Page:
Postoperative facial disfigurement affects social life significantly . However, patients treated with midfacial implant-retained prostheses state that the prosthesis removes their fear of unwanted attention and increases their overall quality of life [10, 29]. Subjective health-related quality of life was found reduced in comparison with preoperative facies when the acquired defects were located in the region of the eye and the nose .
The order of reconstruction in midfacial tumors depends on the size of the defect [31, 32]. Maxillary defects are characterized by the extent of resection of critical midfacial components. Reconstruction of the infraorbital rim and orbital floor optimises appearance and function . There are many available reconstruction options based on Algorithm of Corderio : Prosthetic obturation, autogenous flaps (pedicled flaps, vascularized free flaps, non-vascularized autogenous bone grafts or combinations), allografts and alloplastic materials (titanium mesh, dental implants). The advantages of the obturators in functional rehabilitation should not be overlooked. The use of obturators shortens the duration of surgery and hospitalization, provides better visualization for follow-up, facilitates speech and swallowing and restores cosmetic appearance. They are placed intraoperatively and they are removed in 2 weeks. Then an interim obturator may be used until final healing, when a definitive obturator is placed about 6-12 months postoperatively [17, 18].
Many pedicled flaps, local or regional, have been used for midface and maxillary reconstruction. They can be easily harvested; however, they are limited by their feeding vessels. Local flaps include buccal fat pad flaps, palatal island flaps, nasolabial flaps, tongue flaps and uvula flaps. Regional flaps include submental flaps, temoproparietal-galea flaps, temporalis flaps, platysma flaps, masseter flaps, sternocleidomastoid flaps, trapezius flaps, deltopectoral flaps and pectoralis major myocutaneous flaps, successfully used to cover midface and maxillary defects . We have used lengtheming temporalis myoplasty flaps in 18 patients in our study, as it an easy flap with reliable blood supply and abhidden incision.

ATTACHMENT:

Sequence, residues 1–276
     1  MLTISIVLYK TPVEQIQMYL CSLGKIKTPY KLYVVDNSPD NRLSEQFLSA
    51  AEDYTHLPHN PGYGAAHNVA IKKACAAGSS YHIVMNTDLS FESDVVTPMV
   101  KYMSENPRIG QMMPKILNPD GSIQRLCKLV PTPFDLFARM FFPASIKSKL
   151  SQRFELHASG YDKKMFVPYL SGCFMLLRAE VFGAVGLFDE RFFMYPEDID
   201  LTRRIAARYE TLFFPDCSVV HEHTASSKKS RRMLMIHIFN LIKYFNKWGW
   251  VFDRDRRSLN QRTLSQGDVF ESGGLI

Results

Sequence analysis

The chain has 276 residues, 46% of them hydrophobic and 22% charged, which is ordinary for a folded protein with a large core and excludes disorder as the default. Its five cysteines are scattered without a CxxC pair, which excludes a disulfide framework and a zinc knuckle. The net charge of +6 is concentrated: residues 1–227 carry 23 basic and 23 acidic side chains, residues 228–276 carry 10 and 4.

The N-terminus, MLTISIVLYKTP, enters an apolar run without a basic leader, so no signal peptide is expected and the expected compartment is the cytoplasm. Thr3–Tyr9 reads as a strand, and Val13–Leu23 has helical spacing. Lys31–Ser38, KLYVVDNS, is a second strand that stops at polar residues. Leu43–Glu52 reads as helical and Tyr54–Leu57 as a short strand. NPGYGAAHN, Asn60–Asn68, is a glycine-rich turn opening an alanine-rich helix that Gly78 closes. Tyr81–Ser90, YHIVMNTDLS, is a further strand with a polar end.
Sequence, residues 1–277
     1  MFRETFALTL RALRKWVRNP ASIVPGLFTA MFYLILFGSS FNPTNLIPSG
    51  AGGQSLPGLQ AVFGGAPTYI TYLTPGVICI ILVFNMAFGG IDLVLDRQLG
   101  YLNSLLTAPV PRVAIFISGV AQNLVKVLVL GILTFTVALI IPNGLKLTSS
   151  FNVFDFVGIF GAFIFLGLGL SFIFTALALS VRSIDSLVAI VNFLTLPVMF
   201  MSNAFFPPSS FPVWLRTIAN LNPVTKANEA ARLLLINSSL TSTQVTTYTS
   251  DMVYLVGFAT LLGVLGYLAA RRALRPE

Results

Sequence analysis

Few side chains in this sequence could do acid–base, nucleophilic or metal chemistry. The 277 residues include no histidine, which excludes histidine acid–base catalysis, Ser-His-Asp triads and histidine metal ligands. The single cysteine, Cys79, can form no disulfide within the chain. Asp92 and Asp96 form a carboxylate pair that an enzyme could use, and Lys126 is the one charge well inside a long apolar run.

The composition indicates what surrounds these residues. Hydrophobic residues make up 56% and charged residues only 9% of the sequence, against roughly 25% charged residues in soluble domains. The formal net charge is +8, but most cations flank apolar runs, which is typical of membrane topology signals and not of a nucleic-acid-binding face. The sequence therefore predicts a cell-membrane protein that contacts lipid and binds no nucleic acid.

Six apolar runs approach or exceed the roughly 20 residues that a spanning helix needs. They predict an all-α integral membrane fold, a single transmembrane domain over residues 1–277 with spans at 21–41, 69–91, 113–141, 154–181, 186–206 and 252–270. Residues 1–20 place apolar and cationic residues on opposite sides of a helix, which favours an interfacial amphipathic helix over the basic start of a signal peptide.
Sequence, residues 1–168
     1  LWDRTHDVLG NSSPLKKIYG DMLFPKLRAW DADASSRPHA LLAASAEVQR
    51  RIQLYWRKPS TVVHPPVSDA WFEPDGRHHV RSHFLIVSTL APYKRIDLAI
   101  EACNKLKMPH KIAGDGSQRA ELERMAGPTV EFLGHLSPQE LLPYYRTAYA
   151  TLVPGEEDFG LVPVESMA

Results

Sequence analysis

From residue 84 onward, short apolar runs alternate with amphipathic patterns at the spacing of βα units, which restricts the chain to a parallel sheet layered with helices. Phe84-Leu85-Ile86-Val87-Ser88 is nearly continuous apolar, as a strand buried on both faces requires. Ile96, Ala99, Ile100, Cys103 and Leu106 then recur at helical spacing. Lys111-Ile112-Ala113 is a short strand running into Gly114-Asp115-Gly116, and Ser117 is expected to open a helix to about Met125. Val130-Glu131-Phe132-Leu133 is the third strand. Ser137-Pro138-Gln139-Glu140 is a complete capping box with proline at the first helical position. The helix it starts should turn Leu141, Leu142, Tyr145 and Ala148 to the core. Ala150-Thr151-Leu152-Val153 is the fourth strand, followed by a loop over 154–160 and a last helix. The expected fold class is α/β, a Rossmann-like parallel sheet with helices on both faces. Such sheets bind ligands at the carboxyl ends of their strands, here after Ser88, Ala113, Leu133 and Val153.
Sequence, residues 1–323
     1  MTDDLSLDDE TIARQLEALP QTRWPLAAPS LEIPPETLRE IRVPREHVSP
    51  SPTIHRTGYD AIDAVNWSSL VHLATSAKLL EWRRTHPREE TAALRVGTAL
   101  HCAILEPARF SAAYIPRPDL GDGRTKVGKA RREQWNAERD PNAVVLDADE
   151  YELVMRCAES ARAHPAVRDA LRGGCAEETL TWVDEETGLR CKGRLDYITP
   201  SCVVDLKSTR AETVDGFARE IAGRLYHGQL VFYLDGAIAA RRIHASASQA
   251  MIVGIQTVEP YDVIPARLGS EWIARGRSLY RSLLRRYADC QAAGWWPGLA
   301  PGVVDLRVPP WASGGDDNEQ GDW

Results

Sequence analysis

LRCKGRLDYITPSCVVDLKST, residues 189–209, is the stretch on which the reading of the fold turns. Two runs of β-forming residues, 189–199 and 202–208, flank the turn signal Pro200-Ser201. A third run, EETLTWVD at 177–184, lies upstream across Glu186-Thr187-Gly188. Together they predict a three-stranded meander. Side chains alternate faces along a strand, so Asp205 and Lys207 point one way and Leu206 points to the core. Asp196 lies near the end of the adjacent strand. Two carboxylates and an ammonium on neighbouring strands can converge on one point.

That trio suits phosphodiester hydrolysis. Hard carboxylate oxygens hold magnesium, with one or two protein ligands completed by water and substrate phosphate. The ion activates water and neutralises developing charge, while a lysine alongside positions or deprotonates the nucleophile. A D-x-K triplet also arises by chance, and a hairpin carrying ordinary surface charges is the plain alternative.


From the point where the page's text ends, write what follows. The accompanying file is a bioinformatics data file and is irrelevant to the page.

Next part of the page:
Evolution of surgical techniques with the applications of free flaps has broadened the horizons of reconstruction radical surgery, as they can be successfully used to cover large tissue defects after radical midface surgeries. Parts of the skull base may be removed and the risk of meningitis is minimized when the cavities are sealed with vascularised tissues [34, 35]. Vascularized free flaps include radial forearm free flaps, radial forearm osteo-fascio-cutaneous flaps, rectus abdominis flaps, fibula osteo-cutaneous flaps, scapular osteo-myocutaneous flaps and vascularized iliac crests [36–38]. We have chosen to use radial forearm osteo-fascio-cutaneous flaps in 4 cases, as it is useful for smaller reconstructions, it can be easily harvested and often provides good skin color match for head and neck reconstruction. Moreover, Yetzer J et al presents its usefulness in palatal defects . In one case, we have used a rectus abdominis flap providing an appropriate tissue bulk with a pliability while it may cause abdominal weakness and hernia formation . Moreover, in 5 cases with posterior palatomaxillectomy defects, we have used an anterolateral thigh flap, which provides significant tissue bulk and a long pedicle, allowing the primary closure of the donor site [14, 36].
Complications during treatment stages are not uncommon and patients should be informed about the possibility of the necessitation of multiple surgical procedures before the final outcome 14. Total failure of the flap is a rare but severe complication, often caused by thrombosis of the flap vessels and demands intensive flap checks, especially in the first 3 postoperative days . Costa et al reported 4% loss of flap in 24 years . No such complication was observed in our study.
Our study has a limitation. This is a retrospective case series, with no comparison group. We believe that the experience of a tertiary referral center, such as ours, is valuable for the formulation of management protocols and the provision of guidelines for the appropriate choice of surgical management.
In conclusion, tumors of the midface encompass a diverse group of neoplasias. Surgery is the gold standard of treatment and its goals are complete oncological resection of the tumor and surgical reconstruction is essential in restoring quality of life and social functioning of patients with extensive midfacial defects. Optimal management of patients with midfacial defects should involve a multidisciplinary approach and the patients should be informed about all surgical options and likely outcomes. The results of our study have confirmed that surgical treatment may have satisfactory results when performed by experienced and specialized surgeons in tertiary centers. Midface resection can be safely performed with a combination of microvascular and dynamic reconstruction of the face offering our patients a better quality of life.